Live 105 hosts two major concerts every year. BFD, (Big Fucking Day) usually takes place at the Shoreline Amphitheatre in Mountain View, California in June. This festival-style concert runs all day with up and coming bands performing on the festival stage during the day, and the more established bands on the main stage at night. The first BFD concert took place in June 1994 with artists such as Beck, Green Day, and The Pretenders. It has since hosted bands which went on to platinum-album status such as System of a Down, AFI, HIM, The White Stripes, Limp Bizkit, Kid Rock, 311, Third Eye Blind, the Foo Fighters, Panic at the Disco, The Offspring, Stone Temple Pilots and the Beastie Boys as well as older bands such as Duran Duran, Social Distortion and The Cure.

The other major concert is Not So Silent Night, which rolls around in early December at the Bill Graham Civic Auditorium in downtown San Francisco, which has featured such bands as Linkin Park, Muse, Blink-182, Franz Ferdinand, The White Stripes, The Killers, Silversun Pickups, System of a Down, Modest Mouse, Green Day, Paramore, Angels & Airwaves, Spoon, Jimmy Eat World, and Death Cab for Cutie.

In 2009, LIVE 105 added a third annual concert - Subsonic Halloween Spookfest. This concert debuted on October 30, 2009 at the Cow Palace in San Francisco. The Halloween-themed concert featured three stages of entertainment. The lineup included The Faint, Basement Jaxx, Crystal Method, DJ Steve Aoki, Crystal Castles, and many other electronica and rock artists that are regularly featured on the station's Saturday night show, Subsonic. Subsonic Halloween Spookfest also featured live "zombie" wrestling with The No Name Show and professional wrestlers.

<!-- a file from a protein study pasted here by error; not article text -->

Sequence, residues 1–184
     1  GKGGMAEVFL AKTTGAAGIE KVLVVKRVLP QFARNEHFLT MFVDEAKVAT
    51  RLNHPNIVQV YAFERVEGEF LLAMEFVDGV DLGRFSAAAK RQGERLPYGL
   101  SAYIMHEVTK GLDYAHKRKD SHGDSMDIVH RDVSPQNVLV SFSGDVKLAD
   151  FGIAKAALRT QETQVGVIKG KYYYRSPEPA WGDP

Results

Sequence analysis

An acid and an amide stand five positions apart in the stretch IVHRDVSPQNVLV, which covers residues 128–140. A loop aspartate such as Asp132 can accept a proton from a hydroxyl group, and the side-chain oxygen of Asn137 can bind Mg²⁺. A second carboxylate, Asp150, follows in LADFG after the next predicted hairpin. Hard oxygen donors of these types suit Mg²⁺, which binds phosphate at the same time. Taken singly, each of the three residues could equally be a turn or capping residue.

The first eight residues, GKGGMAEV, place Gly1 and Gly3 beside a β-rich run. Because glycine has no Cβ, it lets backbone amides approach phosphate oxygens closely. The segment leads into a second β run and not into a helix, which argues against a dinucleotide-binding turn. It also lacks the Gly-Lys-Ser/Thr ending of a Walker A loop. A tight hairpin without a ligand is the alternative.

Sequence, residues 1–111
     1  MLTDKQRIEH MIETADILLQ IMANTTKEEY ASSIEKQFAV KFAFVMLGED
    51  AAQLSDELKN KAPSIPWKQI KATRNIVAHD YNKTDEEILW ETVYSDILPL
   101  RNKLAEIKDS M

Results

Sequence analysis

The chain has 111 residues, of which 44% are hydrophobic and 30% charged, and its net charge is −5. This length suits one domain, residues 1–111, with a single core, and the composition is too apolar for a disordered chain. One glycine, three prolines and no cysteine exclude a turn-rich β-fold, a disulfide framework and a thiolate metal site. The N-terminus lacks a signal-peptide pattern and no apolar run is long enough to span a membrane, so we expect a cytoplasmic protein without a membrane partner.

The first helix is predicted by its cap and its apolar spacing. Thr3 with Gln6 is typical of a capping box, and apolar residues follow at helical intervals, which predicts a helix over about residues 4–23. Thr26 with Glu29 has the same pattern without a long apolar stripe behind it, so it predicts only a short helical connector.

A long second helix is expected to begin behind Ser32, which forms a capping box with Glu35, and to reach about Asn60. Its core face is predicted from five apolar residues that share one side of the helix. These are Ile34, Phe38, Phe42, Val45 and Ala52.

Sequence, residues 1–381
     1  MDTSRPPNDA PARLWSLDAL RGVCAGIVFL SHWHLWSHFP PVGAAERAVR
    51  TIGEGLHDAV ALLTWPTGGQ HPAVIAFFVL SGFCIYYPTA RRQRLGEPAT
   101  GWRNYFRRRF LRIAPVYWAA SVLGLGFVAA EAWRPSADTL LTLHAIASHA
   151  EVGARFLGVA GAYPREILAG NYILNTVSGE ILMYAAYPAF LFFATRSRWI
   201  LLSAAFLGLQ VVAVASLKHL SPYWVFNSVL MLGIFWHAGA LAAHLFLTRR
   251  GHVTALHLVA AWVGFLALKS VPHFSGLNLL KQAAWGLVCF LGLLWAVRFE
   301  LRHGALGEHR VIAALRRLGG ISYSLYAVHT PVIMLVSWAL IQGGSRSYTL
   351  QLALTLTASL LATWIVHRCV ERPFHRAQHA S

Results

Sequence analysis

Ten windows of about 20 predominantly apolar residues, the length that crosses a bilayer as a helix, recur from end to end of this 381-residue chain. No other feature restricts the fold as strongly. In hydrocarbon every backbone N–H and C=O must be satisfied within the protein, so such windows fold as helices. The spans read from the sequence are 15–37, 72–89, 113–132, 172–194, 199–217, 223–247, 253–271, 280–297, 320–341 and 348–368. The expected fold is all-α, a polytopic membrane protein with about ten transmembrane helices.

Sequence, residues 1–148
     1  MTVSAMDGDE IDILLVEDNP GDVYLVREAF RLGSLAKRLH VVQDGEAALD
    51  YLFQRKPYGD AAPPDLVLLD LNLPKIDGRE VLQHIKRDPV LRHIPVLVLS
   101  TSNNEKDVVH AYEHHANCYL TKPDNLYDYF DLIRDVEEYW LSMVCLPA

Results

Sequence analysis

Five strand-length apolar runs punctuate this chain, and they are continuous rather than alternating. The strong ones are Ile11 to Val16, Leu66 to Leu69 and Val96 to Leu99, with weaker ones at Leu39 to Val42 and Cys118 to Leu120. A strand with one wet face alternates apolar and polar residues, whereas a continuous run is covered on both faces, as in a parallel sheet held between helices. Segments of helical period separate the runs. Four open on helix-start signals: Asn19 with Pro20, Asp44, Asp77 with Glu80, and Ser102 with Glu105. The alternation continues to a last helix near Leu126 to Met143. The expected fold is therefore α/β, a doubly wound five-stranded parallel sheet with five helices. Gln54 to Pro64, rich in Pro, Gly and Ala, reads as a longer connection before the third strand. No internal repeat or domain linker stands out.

Awards

In 2007, the station was nominated for the top 25 markets Alternative station of the year award by Radio & Records magazine. Other nominees included WBCN in Boston, KROQ-FM in Los Angeles, KTBZ-FM in Houston, KNDD in Seattle, and WWDC in Washington, DC. [3]

Various members of the LIVE 105 programming and airstaff have also received individual awards for contributions to the station. Music director and DJ Aaron Axelsen received the "Best Terrestrial Radio DJ in San Francisco" award from the weekly publication SF Guardian in 2009.

References

  1. ^ Fong-Torres, Ben (2006-01-01). "Radio Waves". San Francisco Chronicle. http://www.sfgate.com/cgi-bin/article.cgi?f=/c/a/2006/01/01/PKGQIF68IS1.DTL. Retrieved 2009-06-28. 
  2. ^ Fong-Torres, Ben (2006-11-19). "Radio Waves". San Francisco Chronicle. http://www.sfgate.com/cgi-bin/article.cgi?f=/c/a/2006/11/19/PKGMQKFLTA1.DTL. Retrieved 2009-06-28. 
  3. ^ "2007 Industry Achievement Awards". Radio and Records. September 28, 2008. http://www.radioandrecords.com/Conventions/con2007/awards/indexFinal.asp. 

The station was voted Billboard's Rock Station of the Year in 1987.

External links


Advertisements






Got something to say? Make a comment.
Your name
Your email address
Message